For Managed Service Providers, automation is essential for customer satisfaction. Each customer has their own needs that need to be attended to, and they all want theirs taken care of as quick as possible. Luckily, the clever use of PowerShell allows us to live up to the exceptions and SLA’s we’ve established with our customers. There are many PowerShell cmdlets that have been created that allow us to manage various devices and software in IT. However, sometimes we need to provide a custom solution where there isn’t a PowerShell cmdlet available. That’s where COM objects come into play, they can be used to manage applications instead of using a cmdlet.

What is COM?

COM stands for Microsoft’s Component Object Model which is a platform standard that is designed to allow applications to reuse code between multiple applications, hosts, and platforms. PowerShell can use these COM’s to manipulate applications and perform specific tasks that would otherwise be impossible due to lack of cmdlets. I’m going to demonstrate how to use COM objects in PowerShell to input data directly into an excel spreadsheet and save it.

Creating the Excel COM Object With PowerShell

First, let’s create our COM object instance within Windows Powershell by using the New-Object cmdlet with the -ComObject parameter specifying the excel.application class. You can find the various classes to turn into COM objects by searching in the HKEY_CLASSES_ROOT\Excel.Application registry location:

You can also use this PowerShell one-liner from to list all available COM objects:

Get-ChildItem HKLM:\Software\Classes -ErrorAction SilentlyContinue | Where-Object {
   $_.PSChildName -match '^\w+\.\w+$' -and (Test-Path -Path "$($_.PSPath)\CLSID")
} | Select-Object -ExpandProperty PSChildName

COM Object in PowerShell

We’ll also set it as a variable so that we can use the COM object to interface with Excel and allow us to manipulate the application.

$Excel = New-Object -ComObject excel.application

When we pipe our $Excel variable to Get-Member, we can see all the various properties that can be set as well as the various Methods that we can use to manage Excel:

$Excel | Get-Member

Creating A New Excel WorkSheet

Now that we have our COM object for Excel set up, we can now start performing administrative tasks such as creating a new worksheet and naming it. I want to get the running processes on my computer and input them into an excel worksheet and then finally save it. We’ll start by creating a new workbook by using the Add() method of the workbooks property and we’ll want to capture it as a variable so we can then rename the worksheet. The syntax looks like this:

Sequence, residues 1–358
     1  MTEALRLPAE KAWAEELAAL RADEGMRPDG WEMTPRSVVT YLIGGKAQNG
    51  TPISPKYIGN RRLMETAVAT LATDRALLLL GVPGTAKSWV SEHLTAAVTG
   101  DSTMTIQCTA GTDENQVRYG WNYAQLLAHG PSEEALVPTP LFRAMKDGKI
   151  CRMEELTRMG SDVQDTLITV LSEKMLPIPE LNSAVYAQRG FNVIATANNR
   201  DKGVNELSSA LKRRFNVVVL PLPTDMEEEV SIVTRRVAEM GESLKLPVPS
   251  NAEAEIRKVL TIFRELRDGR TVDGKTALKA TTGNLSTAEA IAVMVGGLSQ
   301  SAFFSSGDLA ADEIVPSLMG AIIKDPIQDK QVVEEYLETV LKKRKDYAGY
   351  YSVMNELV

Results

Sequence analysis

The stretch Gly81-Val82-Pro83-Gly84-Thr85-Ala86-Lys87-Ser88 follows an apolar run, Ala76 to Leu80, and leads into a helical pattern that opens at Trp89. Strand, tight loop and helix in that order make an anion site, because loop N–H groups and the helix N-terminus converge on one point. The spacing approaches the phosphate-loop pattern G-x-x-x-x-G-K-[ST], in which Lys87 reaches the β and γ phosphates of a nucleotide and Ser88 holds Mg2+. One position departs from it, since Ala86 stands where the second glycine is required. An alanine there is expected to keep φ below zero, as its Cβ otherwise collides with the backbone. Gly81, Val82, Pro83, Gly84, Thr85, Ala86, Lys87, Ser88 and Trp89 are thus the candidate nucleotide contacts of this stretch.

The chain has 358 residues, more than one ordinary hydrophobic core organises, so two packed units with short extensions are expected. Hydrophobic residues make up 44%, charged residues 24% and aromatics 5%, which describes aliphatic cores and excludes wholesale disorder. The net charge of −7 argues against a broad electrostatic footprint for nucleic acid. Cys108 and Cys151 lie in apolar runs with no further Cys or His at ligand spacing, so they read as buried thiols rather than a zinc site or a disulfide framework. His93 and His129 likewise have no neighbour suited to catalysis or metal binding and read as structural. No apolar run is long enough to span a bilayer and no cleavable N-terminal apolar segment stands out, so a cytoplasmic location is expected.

$WorkBook = $Excel.workbooks.add()

Now, to rename the worksheet from “sheet1” to “CPU Information we will capture the default Sheet1 as a workbook sheet object and then modify the name property:

$Sheet = $workbook.sheets("sheet1")
$ = "CPU Information"

To see our work, we can make the excel worksheet visible by the following syntax:

$excel.visible = $true

Importing Data from PowerShell into Excel

Now let’s turn up the complexity, I want to import some of the data from Get-Process into my excel spreadsheet and save it. We can input data into each cell in Excel by using the .range() method of our Sheet object that we previously created. Since I want to create Headers for the information I’ll be inputting I’ll fill row 1 with the header information. The syntax will look like the following:

$Sheet.range("A1:A1").cells="Process Name"

Now when we look at the Excel Spreadsheet, we can see our new headers:

Next step is to create the logic for filling each column with their respective data from Get-Process. We’ll capture our data from Get-Process to a variable. Then use a ForEach loop to add a row into excel for each process that we collect. I’ve created a counter $n that represents the row number for each process, it will increment by 1 for each process. Because we already have headers and don’t want to fill in that row, I’ve made the counter start at 1 before the ForEach loop. The syntax looks like this:

$processes = Get-process -name * | Where-object {$_.CPU -gt 0} | Sort-Object CPU -Descending

$n = 1

Foreach ($process in $processes)
$n +=1

$Sheet.range("A$n" + ":" + "A$n").cells= $
$Sheet.range("B$n" + ":" + "B$n").cells= ($process.cpu).tostring()
$Sheet.range("C$n" + ":" + "C$n").cells= ($
$Sheet.range("D$n" + ":" + "D$n").cells= $process.description


When we take a peek at our Excel spreadsheet we can see the data has been populated in each column:

Now let’s save our data by using our sheet object’s SaveAs method:




By creating an Excel COM object in PowerShell, we were able to create an Excel Workbook, collect and import data into our spreadsheet, and then finally save it. You can see now how powerful manipulating COM objects can be. We could use this process to create scripts for Excel that clients can use to increase their efficiency. Also, outlook and word can be manipulated in the same fashion. So think about the use cases where clients need to have their outlook profile recreated to fix an email issue; or for doing a migration to Office 365. Instead of sending someone onsite to run from workstation to workstation and set up user’s emails, a script can be created to set up the new office 365 outlook profile and sent out to each user to run on their own time. What are some other ways that you’ve used or plan on using COM objects with PowerShell? Let me know in the comments below!

Want to learn more about how PowerShell can help you? Read on

Building PowerShell Tools for MSPs series

Further PowerShell reading


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